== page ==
A Short Vort for Shabbos:
In Parshat Bo, Bnei Yisrael are told to offer the Pesach offering. Moshe predicts a time when the children of the current generation will ask for the meaning behind the ritual of the korban Pesach.
וְהָיָה, כִּי-יֹאמְרוּ אֲלֵיכֶם בְּנֵיכֶם: מָה הָעֲבֹדָה הַזֹּאת, לָכֶם
וַאֲמַרְתֶּם זֶבַח-פֶּסַח הוּא לַה׳, אֲשֶׁר פָּסַח עַל-בָּתֵּי בְנֵי-יִשְׂרָאֵל
בְּמִצְרַיִם, בְּנָגְפּוֹ אֶת-מִצְרַיִם, וְאֶת-בָּתֵּינוּ הִצִּיל; וַיִּקֹּד הָעָם, וַיִּשְׁתַּחֲווּ
"When your children ask you, 'What do you mean by this rite?' you shall say, 'It is the pesach sacrifice to the Lord… " (12:26-27).
The Mekhilta, the Midrash halakha on sefer Shemot, has many explanations for what Moshe is trying to convey to Bnei Yisrael.
One explanation is that Moshe is trying to express to the generation that is leaving Egypt that there will be a future. That they will see their children and grand children. Moshe is conveying good tidings: "Besorot tovot".
This alleviates the fears of Bnei Yisrael that they will not see a future. Here, Moshe informs the people not "if" but "when" - כי - when your children will see the Pesach ritual, you will say, etc.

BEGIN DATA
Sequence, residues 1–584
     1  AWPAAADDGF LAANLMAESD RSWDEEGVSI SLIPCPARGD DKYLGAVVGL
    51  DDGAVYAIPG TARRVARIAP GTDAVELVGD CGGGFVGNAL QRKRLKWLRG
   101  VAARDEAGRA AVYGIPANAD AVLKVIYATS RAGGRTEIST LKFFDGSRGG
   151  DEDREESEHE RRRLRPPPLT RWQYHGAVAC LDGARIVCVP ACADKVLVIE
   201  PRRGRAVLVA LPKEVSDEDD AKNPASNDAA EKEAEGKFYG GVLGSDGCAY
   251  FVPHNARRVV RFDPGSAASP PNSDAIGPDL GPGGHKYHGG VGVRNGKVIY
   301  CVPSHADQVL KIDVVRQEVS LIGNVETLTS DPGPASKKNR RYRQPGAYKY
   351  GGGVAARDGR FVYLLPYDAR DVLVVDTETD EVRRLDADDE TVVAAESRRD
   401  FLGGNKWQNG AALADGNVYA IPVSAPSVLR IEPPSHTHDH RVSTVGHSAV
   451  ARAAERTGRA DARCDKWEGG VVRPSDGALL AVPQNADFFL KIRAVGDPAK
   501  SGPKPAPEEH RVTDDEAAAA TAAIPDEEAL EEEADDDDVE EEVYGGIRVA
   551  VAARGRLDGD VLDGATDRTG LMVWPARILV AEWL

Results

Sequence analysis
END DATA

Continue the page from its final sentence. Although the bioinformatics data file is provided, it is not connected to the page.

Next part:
Yet, were not the Jewish people already multiplying in Egypt? Why would they be concerned about future progeny?
Perhaps the Mekhilta is not referring to the actual birth of children and grandchildren but conveying "besorot tovot" about something else.
The Birkat Yizkhak (20th century), Rav Barukh Yitzchak Yissakhar Leventhal, expresses that Moshe is speaking about the generations to come, who will not have experienced the slavery first hand, will still be curious and involved in their parents, grandparents and ancestral rituals. This korban Pesach will continue to be performed and discussed long after Yitziat Mitzraim.
As the Birkat Yizhak mentions, perhaps this is even more significant given that, on Leil Seder night, it is the wicked son, the Rasha, who is the one quoting this pasuk.
This is optimistic for Klal Yisrael on Leil Pesach. For, it is true, that lack of observance of mitzvot and a distance from Torah learning may occur, there will always be an engagement, curiosity and interest in our people's history and ritual. As our people commemorate the exodus from Egypt each year, it gives our people hope, that even the son who is perhaps a bit scornful and cynical will continue to show some interest in our tradition and evoke this besorot tovot. This Jewish identity will remain in our people. This good news can be seen even in a dismissive tone. For, the wicked son is encouraged to continue to be engaged. We just have to make sure not to turn this son or daughter away.